Measured Growth: Geotech Leader GEOKON Expands
When J. Barrie Sellers received a call in 1974 from an old Sheffield University friend, Ivor Hawkes, inviting him to come to New Hampshire from his job at Terrametrics in Colorado, he jumped at the opportunity to co-found a new company for the manufacture and sale of vibrating wire devices. Though the company the two men (along with a third, mathematician David Wright) established on Parkhurst Street lasted only three years, Barrie’s subsequent project, GEOKON, has survived and thrived, and is this year expanding its modest footprint on Spencer Street with a new office complex currently being constructed across the road from their current location. Given GEOKON’s reputation as a great company to work for, buy from, and live near, this is undoubtedly good news for Lebanon and the Upper Valley as a whole.
Even if you’ve lived in Lebanon as long as GEOKON has been here, there’s a chance you don’t know about the company. Of course, if you read the article that appeared in these pages a year ago, you know that it’s a world leader in vibrating wire technology – it’s exactly what it sounds like, and it can be used to measure force, pressure, temperature, and so on with a high degree of accuracy and stability – with international renown. You also know about the new construction, and you met Director Chuck Chamley, who shared his excitement for the project along with some statistics, including the low employee turnover rate the company enjoys, with more than a third of their 110-plus employees celebrating 15 years or more of service. Unsurprisingly, Chuck is still at GEOKON, and he’s still excited about the company and its faithful employees. Sitting in a conference room whose large window provides a clear view of the new construction, Chuck shares this optimism with fellow Director Colin Judd and Manager of Sales and Marketing – Clayton Gould. “After so many years,” Chuck muses, “you just sit back and ask yourself, how can you improve? We realized when we asked this that we were running out of space.”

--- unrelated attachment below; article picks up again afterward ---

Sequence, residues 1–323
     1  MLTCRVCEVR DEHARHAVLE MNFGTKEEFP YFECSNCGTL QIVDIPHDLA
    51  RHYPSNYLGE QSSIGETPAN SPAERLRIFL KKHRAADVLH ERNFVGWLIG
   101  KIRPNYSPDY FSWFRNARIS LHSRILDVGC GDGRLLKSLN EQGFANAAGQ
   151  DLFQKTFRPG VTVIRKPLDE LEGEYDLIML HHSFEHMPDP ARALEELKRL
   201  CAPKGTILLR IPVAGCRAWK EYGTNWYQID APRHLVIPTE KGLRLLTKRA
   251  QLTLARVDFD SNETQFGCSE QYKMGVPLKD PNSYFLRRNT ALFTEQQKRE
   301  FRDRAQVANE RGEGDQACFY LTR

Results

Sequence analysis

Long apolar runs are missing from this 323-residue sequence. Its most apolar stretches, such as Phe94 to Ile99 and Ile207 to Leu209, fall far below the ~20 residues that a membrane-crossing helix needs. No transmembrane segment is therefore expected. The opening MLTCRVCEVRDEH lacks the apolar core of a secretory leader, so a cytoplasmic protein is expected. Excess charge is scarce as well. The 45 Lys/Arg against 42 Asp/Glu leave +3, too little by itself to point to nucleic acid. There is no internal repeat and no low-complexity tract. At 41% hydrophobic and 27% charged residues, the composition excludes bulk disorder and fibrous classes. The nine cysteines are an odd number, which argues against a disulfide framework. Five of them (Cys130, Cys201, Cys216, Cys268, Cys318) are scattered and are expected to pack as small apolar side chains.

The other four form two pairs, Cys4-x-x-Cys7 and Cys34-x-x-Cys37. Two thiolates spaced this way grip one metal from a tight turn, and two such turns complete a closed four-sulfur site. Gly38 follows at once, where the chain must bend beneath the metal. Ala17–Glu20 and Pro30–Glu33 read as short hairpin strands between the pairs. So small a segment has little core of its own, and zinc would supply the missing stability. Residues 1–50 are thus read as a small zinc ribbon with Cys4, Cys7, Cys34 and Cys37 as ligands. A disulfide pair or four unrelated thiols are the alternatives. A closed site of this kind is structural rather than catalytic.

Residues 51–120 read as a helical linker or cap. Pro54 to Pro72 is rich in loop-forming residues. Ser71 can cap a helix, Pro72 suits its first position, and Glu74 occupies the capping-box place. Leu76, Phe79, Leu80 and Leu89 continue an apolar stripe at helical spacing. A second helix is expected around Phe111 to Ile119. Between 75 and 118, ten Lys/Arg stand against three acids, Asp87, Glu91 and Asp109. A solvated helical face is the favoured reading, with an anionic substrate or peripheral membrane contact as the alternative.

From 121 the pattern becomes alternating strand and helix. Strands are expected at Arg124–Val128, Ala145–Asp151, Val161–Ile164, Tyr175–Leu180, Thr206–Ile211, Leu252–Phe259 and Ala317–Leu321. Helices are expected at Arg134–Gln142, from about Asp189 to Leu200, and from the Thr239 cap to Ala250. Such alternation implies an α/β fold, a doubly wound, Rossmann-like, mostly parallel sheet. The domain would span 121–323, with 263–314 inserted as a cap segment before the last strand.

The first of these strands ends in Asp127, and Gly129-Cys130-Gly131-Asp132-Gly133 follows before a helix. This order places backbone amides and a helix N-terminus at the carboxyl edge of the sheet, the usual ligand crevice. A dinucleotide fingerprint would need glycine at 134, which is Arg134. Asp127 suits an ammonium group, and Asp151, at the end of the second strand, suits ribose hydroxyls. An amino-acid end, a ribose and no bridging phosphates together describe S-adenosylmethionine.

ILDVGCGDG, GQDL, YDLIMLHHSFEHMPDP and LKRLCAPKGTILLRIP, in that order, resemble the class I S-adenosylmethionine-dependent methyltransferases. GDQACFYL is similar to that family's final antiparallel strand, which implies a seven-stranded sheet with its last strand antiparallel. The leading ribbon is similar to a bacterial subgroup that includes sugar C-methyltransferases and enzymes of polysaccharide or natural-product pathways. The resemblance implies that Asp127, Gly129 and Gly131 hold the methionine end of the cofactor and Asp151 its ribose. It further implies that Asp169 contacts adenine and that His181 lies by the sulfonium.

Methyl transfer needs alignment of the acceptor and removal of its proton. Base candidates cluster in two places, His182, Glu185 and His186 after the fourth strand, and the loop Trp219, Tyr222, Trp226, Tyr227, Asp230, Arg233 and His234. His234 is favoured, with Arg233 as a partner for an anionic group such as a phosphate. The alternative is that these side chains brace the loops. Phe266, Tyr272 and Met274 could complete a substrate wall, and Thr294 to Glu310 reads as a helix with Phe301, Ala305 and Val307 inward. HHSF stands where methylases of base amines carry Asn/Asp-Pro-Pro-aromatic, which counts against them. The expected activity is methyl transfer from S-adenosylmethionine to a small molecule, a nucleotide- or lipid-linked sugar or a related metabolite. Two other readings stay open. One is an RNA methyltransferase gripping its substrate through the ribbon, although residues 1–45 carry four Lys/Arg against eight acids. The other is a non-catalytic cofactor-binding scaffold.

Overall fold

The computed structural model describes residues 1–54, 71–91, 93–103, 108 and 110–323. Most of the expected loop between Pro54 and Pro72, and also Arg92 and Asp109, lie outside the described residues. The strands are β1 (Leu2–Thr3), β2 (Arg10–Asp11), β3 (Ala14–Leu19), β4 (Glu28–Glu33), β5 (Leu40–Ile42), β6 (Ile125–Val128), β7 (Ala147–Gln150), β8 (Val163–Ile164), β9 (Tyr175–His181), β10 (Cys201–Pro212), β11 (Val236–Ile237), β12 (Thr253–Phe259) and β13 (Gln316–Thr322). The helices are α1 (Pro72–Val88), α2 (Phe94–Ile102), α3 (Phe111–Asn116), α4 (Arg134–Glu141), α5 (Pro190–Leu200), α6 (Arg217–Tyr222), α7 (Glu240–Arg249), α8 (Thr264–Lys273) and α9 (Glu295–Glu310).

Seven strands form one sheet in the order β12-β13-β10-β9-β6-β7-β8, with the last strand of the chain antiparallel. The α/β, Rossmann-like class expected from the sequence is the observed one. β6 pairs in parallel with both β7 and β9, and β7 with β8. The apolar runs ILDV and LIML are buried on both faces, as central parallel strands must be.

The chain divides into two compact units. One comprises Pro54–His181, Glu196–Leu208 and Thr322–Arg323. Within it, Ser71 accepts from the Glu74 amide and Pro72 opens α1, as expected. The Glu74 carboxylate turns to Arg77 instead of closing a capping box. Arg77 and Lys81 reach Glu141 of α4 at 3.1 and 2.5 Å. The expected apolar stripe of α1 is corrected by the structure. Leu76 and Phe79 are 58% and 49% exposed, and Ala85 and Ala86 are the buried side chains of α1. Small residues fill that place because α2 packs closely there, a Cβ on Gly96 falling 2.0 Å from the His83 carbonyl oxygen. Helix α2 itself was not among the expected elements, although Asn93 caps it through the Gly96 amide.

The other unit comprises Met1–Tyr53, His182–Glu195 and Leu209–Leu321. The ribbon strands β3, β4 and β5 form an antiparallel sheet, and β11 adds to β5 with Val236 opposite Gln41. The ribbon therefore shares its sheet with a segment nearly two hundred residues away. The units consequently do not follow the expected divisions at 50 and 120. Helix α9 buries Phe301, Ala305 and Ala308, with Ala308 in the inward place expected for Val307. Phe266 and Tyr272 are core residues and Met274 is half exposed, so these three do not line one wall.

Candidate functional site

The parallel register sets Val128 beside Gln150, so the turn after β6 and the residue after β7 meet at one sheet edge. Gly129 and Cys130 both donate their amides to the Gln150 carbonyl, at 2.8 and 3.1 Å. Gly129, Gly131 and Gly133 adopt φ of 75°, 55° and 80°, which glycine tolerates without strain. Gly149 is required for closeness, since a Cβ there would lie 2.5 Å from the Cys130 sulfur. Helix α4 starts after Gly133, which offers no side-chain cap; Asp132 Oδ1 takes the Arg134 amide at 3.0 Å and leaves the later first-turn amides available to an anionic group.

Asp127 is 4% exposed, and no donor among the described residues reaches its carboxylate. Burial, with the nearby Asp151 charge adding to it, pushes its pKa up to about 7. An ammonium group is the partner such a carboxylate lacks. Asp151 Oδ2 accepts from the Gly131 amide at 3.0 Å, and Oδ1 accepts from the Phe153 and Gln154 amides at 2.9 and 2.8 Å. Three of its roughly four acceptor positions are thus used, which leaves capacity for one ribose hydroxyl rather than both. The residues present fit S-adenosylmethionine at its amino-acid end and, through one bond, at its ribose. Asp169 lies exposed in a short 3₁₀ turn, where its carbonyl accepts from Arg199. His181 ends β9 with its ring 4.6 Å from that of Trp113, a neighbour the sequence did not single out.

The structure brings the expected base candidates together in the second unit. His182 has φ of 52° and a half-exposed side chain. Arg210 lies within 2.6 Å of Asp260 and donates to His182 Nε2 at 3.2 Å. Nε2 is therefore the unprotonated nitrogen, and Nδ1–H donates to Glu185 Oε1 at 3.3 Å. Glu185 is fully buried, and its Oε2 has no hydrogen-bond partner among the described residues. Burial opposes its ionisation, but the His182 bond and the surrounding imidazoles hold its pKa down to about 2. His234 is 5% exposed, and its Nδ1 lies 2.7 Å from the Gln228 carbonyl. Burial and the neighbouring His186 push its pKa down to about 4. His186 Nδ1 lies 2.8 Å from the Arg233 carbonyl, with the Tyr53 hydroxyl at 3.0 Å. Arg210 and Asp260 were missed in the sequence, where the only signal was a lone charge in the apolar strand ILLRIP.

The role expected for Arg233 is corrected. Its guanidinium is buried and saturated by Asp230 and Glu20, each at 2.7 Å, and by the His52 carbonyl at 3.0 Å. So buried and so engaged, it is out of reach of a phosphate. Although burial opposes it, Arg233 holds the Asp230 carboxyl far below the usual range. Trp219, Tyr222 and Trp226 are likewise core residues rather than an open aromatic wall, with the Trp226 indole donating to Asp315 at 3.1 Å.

The company, which in 1986 outgrew its Central Avenue location in West Lebanon and moved to its current address, has expanded its premises five times in the last 33 years. The latest addition – the two-story “L” that comprises a decent chunk of its current footprint – has been in place for a decade now and is filling up. GEOKON’s team began looking for other property to purchase, noticing what they and many other locals likely already know: land in the Upper Valley is expensive. They didn’t want to leave the area, though, because there’s a reason for that price tag: it’s a great place to live and work. The aforementioned long-term employees are mostly concentrated in the area (though a few drive as much as an hour for the opportunity to work at GEOKON), and many have families here – some even work with them at the company! City Councilor and Mayor-at-the-time Suzanne Prentiss met with GEOKON to offer another proposal, and before long they were purchasing the property adjacent to the current building , which had once been the site of the city’s Department of Public Works.
The new property acquisition is a boon for both GEOKON and Lebanon. “In the Master Plan, Spencer Street is highlighted as an area for growth,” says Colin. “We want to be a part of that.” In addition to showing that a high-tech company can survive within the city limits – and especially so close to the center of downtown Lebanon – Colin sees this expansion as an opportunity to confirm GEOKON’s stance as good stewards of the community, and also of the environment: the new building will be covered in solar panels. “At this point, it’s a no-brainer,” he muses.